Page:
It’s the small moments of letting go that are the closest I come to feeling like maybe I have this mom-thing figured out for once.

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Pregnant belly with Owen at 6 months. My feet disappeared early.

It’s the moment when Owen climbs into bed and blankets my head with his body and I chuckle in rare, surrendered delight instead of annoyance at being awoken yet again throughout the night. Pulling his little knees in tight against me as he presses his face into my neck as close as possible. Hearing him breath in my scent with a soft reverent sigh as he farts on me. I slide my hand under his bottom so if he leaks I’ll sense it right away even in my sleep-deprived haze and save the sheets from having to be changed yet again.

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Owen at 1 year.

It’s the moment he leans his forehead against my own in his miniature caveman version of a kiss. It’s when he smiles and says, “F’wank you.” It’s his reassuring pats on Nora’s back when she’s upset or hurt.

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How did this human fit in my body only a year before?

I watch them play together at the moments when they think I’m not watching. They tickle and cuddle each other, mimic each other, and amuse one another. It warms my heart and eases my worry, they have each other. For all of their fighting and tears, they love one another and successfully share a 10×10 room the majority of the time without bloodshed.

Nora came home from school today and mentioned that another little girl doesn’t want to be friends with her anymore. “She said I’m not her best friend anymore and that she doesn’t want to play with me.” I told her I was sorry and asked how she felt about that. She sighed deeply, “I can play by myself again.” It broke my heart to see her so sad and to think that she was being alienated. I tried not to project my own school experiences onto her or the situation and sought for something that might cheer her up.

“Are there other people you want to play with? Are there other friends you want to see?”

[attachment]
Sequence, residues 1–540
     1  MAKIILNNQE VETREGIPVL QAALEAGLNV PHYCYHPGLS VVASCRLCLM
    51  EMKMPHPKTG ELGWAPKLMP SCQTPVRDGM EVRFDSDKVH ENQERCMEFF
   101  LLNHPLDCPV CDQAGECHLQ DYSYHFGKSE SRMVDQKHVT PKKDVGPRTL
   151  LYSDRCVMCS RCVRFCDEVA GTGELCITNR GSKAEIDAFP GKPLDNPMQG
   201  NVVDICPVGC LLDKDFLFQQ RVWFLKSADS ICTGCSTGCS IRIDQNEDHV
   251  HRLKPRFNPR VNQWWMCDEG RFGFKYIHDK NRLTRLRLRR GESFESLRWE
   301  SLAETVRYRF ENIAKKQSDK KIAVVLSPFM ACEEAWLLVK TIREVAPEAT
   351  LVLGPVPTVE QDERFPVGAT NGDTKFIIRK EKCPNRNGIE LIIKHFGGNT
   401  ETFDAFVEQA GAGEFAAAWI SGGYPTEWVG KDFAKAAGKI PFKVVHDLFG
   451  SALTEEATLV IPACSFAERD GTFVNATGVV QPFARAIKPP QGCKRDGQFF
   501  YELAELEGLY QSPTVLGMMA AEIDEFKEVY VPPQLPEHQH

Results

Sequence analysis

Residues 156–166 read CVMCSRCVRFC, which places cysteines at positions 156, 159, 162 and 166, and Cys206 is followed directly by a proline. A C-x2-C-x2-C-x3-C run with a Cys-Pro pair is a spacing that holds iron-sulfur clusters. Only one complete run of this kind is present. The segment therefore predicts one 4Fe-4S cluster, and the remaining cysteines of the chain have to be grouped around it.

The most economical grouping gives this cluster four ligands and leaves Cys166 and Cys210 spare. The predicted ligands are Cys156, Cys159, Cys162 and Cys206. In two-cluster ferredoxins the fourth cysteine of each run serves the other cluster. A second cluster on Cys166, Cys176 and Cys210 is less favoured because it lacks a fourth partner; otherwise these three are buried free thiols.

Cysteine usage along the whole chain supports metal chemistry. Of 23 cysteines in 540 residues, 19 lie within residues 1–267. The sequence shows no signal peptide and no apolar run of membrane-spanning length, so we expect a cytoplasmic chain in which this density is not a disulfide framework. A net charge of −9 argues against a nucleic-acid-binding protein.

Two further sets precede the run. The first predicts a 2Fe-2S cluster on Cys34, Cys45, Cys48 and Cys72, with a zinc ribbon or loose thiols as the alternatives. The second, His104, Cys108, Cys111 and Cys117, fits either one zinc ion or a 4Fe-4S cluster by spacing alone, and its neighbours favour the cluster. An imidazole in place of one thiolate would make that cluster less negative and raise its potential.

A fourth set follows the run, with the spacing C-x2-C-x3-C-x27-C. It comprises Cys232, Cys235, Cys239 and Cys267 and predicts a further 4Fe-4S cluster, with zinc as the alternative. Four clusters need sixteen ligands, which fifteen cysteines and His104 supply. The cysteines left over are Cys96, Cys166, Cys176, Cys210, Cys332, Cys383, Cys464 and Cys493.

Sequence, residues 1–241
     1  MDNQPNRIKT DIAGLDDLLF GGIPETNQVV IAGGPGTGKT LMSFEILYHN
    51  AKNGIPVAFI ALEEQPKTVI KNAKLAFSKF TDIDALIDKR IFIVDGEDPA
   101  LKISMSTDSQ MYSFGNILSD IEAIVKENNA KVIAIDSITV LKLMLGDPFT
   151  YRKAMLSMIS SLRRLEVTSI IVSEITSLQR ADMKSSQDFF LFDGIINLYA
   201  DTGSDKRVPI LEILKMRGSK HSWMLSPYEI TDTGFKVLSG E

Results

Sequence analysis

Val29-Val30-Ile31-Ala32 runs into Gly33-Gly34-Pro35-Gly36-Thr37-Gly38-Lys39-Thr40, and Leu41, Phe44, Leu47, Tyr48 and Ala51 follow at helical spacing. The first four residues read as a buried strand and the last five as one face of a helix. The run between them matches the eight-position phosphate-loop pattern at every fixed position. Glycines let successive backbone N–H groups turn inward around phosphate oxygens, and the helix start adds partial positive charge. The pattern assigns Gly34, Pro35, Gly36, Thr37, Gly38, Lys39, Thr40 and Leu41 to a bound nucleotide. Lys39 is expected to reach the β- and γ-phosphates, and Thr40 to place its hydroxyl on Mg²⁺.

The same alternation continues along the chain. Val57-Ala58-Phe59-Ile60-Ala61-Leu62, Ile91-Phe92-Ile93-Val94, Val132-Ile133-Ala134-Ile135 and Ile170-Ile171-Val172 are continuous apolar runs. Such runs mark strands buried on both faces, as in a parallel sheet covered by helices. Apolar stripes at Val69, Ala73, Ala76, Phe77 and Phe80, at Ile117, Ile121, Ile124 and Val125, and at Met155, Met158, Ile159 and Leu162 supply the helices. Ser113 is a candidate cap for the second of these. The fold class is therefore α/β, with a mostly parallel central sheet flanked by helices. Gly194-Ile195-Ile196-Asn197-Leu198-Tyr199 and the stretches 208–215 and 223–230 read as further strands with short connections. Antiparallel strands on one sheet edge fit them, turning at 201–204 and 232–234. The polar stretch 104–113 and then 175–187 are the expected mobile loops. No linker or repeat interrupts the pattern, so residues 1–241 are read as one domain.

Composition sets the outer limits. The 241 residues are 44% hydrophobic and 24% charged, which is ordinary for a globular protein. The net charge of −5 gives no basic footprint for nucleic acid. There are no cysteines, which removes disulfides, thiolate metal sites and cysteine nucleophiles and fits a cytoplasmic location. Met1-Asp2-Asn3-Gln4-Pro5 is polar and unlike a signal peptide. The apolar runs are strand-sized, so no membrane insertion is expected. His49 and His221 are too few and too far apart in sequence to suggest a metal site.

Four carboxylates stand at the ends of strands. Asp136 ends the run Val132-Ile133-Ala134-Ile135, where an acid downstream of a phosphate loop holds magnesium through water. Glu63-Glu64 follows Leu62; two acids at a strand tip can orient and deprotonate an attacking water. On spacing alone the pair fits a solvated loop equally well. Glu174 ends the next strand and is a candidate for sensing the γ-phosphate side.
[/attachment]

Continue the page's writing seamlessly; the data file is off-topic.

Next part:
She perked up and we started listing off names of classmates and old playgroup friends. We hugged and she laughed as Owen came over to squeeze in next to her. I pointed out, “You’ll always have Owen,” she laughed as he growled and tried to sit on top of her.

“You SILLY, Owen!… I love you.”

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2 years today.

It hasn’t been easy for Nora to adjust to sharing us and her home with this little intruder. It hasn’t been easy for any of us at times. A second child in the house, being a mom of two kids under five, wasn’t what I thought it would be. I finally felt like I had it together as a mom and thought I could handle another one; except one kid started to feel like four and the two of them felt like ten.

I think back to just after his birth and asking desperately of other mothers, “Does it get easier?” I would have an infant and a toddler screeching at me in simultaneous stereo hysterics at least once a day, find myself screaming and/or crying in response at least once a day, and found myself battling postpartum depression yet again. The response was an unconvincing “yeah” and then finally an honest response, “Nope, just different.”

Then I saw a quote from the late, great Joan Rivers that gave me some relief.
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It’s different for sure and I keep trying to be better. Most days I’m happy with not being in tears, avoiding other people’s secretions, and averting bloodshed but the point is I try. Maybe that’s a sign of a mom doing an ok job, we keep trying.

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